The Queen of the Tearling by Erika Johansen


Author: Erika Johansen

Book: The Queen of the Tearling

Published: July 2014

Publisher: Harper Collins

Genre: Fantasy

Source: Hardcover



Princess Kelsea Raleigh Glynn was only a baby when she was sent to be raised by two strangers for her own safety. She was raised in exile, away from the intrigues of court, away from her pretty, vain mother, and away from the powers that would smother her in her cradle before she grew into a threat. On her nineteenth birthday, Kelsea finds a cadre of knights have come to escort her back to Tear’s capital to ascend the throne. The journey isn’t easy as magic and deadly assassins dog her trail.

The journey, however, is the easy part. Upon entering her capital, she finds she has internal enemies that fear the changes she represents, and a foreign empire ruled by a deadly Red Queen that demands tribute of slaves, chosen by lottery. As she sets out to break her kingdom’s shackles, she must seek allies and discover her enemies within her own kingdom. She also has the Tearling sapphire, a jewel of great magic power that she must learn to use if she is to survive the coming conflict with the Red Queen.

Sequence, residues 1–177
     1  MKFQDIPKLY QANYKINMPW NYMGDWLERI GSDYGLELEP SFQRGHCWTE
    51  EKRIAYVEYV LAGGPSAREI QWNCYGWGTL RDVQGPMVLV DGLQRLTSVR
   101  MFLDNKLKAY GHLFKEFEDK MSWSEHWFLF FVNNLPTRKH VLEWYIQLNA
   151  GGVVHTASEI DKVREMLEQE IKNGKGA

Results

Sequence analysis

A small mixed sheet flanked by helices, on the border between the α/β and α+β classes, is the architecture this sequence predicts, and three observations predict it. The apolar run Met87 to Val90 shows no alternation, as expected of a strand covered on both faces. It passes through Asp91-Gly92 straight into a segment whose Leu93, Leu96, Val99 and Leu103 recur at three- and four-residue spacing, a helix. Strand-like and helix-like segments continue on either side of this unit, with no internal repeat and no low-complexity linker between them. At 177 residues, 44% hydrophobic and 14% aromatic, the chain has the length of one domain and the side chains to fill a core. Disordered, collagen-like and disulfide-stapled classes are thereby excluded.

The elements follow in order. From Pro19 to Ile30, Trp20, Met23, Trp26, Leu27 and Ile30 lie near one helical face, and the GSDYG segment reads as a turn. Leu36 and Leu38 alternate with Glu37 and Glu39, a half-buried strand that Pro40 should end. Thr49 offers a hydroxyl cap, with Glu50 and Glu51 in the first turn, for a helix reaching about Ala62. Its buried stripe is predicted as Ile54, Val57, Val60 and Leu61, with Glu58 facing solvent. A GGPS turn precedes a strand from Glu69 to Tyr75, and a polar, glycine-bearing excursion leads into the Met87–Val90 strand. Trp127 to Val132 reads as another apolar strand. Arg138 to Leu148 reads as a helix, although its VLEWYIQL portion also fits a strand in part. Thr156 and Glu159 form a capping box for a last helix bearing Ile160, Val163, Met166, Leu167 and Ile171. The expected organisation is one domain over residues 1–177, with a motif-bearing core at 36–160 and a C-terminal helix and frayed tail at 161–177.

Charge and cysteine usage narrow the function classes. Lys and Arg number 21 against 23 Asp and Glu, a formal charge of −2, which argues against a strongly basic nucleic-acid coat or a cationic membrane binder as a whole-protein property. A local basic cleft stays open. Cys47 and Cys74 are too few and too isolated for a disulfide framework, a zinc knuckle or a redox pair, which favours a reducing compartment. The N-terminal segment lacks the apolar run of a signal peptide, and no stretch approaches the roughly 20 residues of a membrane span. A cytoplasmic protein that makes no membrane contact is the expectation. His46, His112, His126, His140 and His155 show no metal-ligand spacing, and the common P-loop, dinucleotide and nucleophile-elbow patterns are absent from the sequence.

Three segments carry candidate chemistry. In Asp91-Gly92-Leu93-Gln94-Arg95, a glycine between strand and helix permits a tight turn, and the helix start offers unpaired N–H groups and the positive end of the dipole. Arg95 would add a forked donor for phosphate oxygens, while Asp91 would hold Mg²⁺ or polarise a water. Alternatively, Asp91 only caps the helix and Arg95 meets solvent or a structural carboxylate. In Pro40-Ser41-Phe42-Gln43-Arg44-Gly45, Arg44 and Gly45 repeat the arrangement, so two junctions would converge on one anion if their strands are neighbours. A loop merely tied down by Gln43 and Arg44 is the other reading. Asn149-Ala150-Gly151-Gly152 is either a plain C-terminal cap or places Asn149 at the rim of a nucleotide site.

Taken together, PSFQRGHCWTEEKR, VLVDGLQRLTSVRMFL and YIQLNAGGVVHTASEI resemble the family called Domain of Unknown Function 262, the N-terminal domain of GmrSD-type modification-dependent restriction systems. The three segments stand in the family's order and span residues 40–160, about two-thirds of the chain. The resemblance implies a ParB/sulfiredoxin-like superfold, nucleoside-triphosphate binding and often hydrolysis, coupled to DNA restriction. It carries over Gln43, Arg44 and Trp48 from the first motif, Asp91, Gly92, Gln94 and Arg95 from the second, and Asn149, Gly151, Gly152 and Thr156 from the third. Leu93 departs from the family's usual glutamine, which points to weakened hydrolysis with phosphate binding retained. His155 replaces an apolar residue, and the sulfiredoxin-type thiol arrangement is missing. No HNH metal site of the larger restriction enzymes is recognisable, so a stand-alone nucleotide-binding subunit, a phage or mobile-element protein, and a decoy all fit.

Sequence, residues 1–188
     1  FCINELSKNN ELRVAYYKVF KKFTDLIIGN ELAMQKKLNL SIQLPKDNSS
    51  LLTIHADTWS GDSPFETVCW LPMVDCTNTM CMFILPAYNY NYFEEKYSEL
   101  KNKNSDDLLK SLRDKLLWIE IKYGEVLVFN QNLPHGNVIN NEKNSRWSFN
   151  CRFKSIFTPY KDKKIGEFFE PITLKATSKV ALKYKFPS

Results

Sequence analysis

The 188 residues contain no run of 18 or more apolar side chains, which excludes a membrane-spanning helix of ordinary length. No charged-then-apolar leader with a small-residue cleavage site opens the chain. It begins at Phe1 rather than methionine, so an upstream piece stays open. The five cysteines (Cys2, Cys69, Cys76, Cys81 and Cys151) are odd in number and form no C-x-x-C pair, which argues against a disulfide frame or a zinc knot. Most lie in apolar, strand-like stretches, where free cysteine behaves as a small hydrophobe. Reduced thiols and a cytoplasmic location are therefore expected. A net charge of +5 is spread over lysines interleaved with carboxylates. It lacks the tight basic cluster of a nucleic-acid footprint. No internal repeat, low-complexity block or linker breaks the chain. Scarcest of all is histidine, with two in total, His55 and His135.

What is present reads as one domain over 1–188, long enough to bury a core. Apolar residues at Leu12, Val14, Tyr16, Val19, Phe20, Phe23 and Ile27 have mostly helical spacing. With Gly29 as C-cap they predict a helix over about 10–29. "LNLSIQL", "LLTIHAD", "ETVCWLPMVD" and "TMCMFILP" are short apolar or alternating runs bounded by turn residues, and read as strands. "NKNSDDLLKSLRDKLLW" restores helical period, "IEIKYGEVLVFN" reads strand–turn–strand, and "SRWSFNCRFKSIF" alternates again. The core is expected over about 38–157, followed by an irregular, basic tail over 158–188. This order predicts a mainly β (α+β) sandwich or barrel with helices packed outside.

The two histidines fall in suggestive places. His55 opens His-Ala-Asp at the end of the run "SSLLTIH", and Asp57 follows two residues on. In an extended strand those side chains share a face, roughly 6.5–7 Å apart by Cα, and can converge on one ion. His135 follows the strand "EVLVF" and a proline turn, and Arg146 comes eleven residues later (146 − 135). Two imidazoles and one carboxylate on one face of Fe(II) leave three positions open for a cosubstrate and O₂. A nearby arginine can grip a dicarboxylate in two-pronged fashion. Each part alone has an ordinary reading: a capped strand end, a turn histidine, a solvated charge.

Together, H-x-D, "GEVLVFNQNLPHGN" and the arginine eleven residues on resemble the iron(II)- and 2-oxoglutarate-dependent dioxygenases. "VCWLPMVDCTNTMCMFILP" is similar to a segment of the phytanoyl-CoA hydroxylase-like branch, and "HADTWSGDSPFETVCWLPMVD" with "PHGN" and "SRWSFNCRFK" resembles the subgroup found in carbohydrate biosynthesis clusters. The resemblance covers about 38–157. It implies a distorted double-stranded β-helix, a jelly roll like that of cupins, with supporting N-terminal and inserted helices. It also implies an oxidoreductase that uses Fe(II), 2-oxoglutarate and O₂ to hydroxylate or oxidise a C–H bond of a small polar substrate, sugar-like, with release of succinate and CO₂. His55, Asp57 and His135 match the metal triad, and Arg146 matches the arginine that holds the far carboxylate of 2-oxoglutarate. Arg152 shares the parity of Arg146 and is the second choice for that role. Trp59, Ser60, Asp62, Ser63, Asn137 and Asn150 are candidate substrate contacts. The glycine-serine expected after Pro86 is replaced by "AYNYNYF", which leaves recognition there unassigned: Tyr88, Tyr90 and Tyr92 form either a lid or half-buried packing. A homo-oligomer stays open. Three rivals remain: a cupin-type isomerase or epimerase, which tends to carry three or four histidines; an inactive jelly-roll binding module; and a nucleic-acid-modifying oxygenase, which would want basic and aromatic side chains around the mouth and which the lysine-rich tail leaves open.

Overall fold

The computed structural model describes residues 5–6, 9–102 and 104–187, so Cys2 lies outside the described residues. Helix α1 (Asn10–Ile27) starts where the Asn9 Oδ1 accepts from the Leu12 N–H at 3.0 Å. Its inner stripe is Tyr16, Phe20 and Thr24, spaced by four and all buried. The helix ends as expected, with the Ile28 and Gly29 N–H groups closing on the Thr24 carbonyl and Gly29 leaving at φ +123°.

Queen of the Tearling is Erika Johansen’s debut novel. It is written as a coming of age story. Kelsea comes to her throne feeling very insecure. It seems to be a position that she grows into. This is less action and adventure, and more a story of intrigues that are common in tales that are in the political arena. Kelsea herself is a sympathetic character. Erika Johansen has taken time to develop her characters, though not at the expense of story telling. We meet the competent Queen’s Guards, including her dedicated captain, Lazarus. A master of thieves known only as the Fetch. A gate guard who is sucked into a plot against her, about which he has deep misgivings. We also meet the Red Queen, a woman who seems to have it all but with her own deep insecurities and not entirely in control of her own destiny.

The author kept drawing attention to the fact the Kelsea was rather plain looking, which I think was unnecessary. It would have been better to mention it once and let the audience be drawn to that core of inner strength. The pacing was a little slow, and I could not quite call it a page turner. However, Erika Johansen’s writing style shows promise, and the book is still quite enjoyable.

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